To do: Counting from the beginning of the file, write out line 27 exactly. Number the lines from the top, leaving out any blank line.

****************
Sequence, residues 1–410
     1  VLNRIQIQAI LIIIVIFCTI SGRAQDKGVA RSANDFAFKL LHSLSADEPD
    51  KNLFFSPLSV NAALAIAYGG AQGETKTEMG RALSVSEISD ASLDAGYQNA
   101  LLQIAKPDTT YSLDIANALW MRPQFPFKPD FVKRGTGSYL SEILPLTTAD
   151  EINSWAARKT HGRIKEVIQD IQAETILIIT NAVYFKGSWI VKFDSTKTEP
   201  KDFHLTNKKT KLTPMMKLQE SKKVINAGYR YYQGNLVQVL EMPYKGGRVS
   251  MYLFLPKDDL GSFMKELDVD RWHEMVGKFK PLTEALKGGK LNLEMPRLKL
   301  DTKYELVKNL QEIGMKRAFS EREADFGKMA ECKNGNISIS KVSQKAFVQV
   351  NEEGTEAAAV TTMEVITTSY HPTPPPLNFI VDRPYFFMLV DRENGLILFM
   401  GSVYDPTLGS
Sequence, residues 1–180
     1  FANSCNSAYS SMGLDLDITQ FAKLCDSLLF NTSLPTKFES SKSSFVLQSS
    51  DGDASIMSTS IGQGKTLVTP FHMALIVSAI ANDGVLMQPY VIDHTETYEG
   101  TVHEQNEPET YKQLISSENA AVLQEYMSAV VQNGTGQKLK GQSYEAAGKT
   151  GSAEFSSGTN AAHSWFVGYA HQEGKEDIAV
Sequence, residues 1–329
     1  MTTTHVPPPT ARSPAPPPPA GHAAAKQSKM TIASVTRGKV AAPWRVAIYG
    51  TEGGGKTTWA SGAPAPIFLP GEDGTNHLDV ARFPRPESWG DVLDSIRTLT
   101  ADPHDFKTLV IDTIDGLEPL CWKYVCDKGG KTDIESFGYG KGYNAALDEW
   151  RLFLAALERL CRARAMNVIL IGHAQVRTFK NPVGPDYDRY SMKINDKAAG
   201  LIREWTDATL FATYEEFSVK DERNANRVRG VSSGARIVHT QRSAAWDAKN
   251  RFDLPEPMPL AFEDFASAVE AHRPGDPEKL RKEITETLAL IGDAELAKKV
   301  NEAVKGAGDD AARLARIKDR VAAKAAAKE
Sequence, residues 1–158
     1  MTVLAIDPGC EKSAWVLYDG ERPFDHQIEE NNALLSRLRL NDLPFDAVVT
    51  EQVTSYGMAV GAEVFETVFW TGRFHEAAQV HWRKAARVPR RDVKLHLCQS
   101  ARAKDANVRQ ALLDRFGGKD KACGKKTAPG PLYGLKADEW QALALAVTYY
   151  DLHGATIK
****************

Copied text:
   101  ARAKDANVRQ ALLDRFGGKD KACGKKTAPG PLYGLKADEW QALALAVTYY